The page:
Buying rural land in Spain: Planning and development risks

In Spain all land is categorised. For example, a piece of land could be classified as urban land (“urbano”) or rural land (“rustico”) – more accurately, for planning purposes, known as suelo no urbanizable . There are several other classifications that need not detain us here.

By J. Howell.

When buying property that is rural land or in a rural area there are always certain risks. Some occur in any country, others are specific to Spain . Keep a sense of proportion. Remember that tens of thousands of foreigners have bought land in rural Spain with no problems at all. A few dozen or hundred have been adversely affected by this law.

The Risks Buying Rural Land in Spain


The first risk is that the land around you will, at some stage, be reclassified as building land. Your beautiful open views will then become views over dozens of houses. This is not what you wanted. As in Britain , there is little you can do to guard against this risk. It is worse if you are near the edge of the present developed area or if your area has good communications and good views or other natural features that make it particularly attractive for development. I always tell clients buying land that the only truly safe assumption is that any land that is not presently built on will, at some stage, be built upon – whatever anyone promises! If you are worried about future development plans we can make enquiries to establish what development projects are currently scheduled but we cannot guarantee that a plan will not be lodged the very next day that will affect your home. The enquiries made will not even guarantee that there are no current plans to the extent that you could take action against the planning authority if something was not reported to us. Nonetheless, if the continuing rural nature of the locality is important to you it is probably worth asking us to make these enquiries as the cost is generally modest. If you would like us to make enquiries we will discuss the options available to you and the likely cost involved.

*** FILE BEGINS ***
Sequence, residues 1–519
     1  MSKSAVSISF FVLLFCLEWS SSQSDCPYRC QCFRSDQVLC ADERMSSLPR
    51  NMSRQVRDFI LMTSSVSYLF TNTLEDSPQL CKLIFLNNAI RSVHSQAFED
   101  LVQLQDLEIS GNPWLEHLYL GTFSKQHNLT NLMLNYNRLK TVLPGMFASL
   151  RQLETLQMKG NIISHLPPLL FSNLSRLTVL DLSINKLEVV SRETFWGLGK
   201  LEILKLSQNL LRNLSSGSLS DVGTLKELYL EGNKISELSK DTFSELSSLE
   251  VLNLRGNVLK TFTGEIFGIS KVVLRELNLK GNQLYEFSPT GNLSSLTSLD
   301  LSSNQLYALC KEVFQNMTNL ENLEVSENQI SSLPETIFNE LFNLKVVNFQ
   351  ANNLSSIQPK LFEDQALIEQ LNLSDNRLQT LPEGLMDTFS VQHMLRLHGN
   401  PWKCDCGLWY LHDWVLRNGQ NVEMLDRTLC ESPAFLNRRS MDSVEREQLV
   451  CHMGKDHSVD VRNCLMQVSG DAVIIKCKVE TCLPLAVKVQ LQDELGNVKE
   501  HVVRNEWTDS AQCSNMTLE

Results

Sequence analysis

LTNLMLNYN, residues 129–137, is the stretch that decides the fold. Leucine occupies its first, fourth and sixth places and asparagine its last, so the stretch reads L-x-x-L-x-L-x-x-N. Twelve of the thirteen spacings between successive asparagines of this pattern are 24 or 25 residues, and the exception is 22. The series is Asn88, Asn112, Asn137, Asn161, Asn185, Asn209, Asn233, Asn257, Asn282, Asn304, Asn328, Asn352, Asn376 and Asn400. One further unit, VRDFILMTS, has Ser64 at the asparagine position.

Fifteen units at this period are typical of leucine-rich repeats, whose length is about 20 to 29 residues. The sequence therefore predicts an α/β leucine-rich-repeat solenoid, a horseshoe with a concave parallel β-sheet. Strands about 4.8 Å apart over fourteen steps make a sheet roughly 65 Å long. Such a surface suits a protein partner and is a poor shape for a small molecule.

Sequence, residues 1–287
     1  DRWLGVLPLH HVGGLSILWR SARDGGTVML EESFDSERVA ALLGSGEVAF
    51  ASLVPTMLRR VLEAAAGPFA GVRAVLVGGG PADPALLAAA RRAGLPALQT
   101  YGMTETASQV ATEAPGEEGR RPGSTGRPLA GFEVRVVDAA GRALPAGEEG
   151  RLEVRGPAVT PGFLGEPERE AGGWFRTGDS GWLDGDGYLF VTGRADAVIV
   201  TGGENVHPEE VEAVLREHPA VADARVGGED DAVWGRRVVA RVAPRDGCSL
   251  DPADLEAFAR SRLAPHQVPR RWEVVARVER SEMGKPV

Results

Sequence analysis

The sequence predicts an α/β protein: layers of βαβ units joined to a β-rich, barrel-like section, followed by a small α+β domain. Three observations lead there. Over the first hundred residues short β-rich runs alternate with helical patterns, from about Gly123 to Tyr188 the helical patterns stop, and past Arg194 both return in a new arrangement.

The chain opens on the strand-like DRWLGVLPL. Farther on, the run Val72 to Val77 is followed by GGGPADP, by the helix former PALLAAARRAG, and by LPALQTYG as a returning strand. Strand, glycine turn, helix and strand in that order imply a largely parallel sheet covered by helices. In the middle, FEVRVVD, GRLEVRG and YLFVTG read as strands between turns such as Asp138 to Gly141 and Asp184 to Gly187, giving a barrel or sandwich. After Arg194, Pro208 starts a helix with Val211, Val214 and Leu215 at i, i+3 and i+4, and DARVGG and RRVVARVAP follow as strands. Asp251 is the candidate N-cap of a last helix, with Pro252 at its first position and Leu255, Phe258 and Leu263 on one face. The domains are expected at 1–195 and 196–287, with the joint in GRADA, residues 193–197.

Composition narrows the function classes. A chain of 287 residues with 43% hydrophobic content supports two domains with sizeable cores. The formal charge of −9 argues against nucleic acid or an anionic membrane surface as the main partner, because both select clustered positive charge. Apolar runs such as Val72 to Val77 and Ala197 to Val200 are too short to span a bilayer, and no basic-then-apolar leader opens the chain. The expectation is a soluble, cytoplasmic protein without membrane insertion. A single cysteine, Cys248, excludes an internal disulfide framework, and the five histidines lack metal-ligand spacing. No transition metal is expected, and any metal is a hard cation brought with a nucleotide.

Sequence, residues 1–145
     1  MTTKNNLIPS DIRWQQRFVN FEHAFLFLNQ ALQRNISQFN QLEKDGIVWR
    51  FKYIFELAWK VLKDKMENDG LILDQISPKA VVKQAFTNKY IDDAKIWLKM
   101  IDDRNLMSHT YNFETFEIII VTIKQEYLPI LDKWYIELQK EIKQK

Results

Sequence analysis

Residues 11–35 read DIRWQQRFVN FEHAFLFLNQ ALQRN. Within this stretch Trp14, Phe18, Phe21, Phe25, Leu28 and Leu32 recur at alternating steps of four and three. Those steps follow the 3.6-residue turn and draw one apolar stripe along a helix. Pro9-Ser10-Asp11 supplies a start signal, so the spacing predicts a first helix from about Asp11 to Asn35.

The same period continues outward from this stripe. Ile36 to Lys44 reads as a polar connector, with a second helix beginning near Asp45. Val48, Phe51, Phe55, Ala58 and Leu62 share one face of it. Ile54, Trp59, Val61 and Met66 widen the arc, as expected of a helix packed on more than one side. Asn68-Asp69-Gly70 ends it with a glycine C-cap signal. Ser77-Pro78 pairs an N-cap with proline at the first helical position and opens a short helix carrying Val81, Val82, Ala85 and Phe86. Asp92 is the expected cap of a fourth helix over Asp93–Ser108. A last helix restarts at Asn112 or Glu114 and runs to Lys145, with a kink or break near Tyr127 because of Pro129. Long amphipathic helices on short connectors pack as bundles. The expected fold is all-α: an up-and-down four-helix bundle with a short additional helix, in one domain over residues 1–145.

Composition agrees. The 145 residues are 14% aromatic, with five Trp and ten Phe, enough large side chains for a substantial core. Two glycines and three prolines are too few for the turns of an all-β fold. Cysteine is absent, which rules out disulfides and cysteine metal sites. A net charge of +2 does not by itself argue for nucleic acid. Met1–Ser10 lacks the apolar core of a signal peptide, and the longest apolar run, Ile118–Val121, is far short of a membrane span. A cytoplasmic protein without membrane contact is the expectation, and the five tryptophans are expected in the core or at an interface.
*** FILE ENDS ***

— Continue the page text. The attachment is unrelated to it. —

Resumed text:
The second problem is that rural properties have often been around for a long time. This means that there has been plenty of opportunity for rights and obligations to build up in relation to the properties. Not all of these are obvious. Not all of them are recorded at the land registry. You should, therefore, keep an eye out for “suspicious” signs such as conspicuous pathways running across your land, lots of spent cartridges or other evidence of hunting on the property, signs of people extracting water from “your” stream etc. If you see anything of concern, draw it to your lawyers’ attention. They will then discuss what action, if any, can be taken to clarify the situation.

The third and most serious problem – is where your property itself becomes involved in the process of development.

In Spain when plots of land belonging to several people are re-zoned for development the local authority can deal with the situation in a number of ways. Often they set up a ” junta de compensacion “. This is a committee of all of the owners of the land concerned. It has the right to make key decisions as to the redevelopment, such as who will do the work, how it will be funded etc. As a member you may vote, but if your fellow owners outvote you then you are bound by their decisions.

Normally infrastructure works such as the construction of roads, electricity substations and so on will have to be undertaken. It would be grossly unfair if all of these were constructed on your plot leaving you with nothing and your neighbours to reap the benefit of the much higher value of their land as building plots. The junta will, in various ways, therefore re-allocate the land left over after the infrastructure works to make sure everyone has a fair share of the building land.

The owner of land forming part of a development plan has various obligations;

  • To bear his share of the cost of any necessary works
  • Use his land in a way compatible with the prescribed permitted use
  • Give the relevant authority, free of charge, any areas that will be used for access ways, open spaces or for other public purposes
  • Build within the design limits established by the plan and within the period stipulated in the plan

In return the owner will be entitled to benefit from the construction process in proportion to the other owners. There are several ways of achieving this. One is that the land ownership is simple redefined. If you had 10% of the original plot, before roads, schools, electricity substations etc were separated from it, your boundaries would be modified so as to allocate you 10% of the available building land after all of the ‘dead’ land has been accounted for.

If you do not want to take part in the redevelopment project your choices are really limited to:

  • campaigning against the plan before it is passed
  • selling up at once – either to your neighbours or a third party – and using the money to buy somewhere more remote
  • going through with the redevelopment and then selling your building plots. This will usually be for much more than you could get for the undeveloped land.

Any property that was on the site before the plan was passed can remain there, unless it is needed for roads etc or the public good – in which case it can be compulsorily purchased. Even if you can keep your house, however, you will not be allowed to extend or improve it. In practice it is seldom possible for you to remain in your house on your plot and permit the building work to go on all around you.

This system is very different from the British way of developing land but it generally works reasonably well.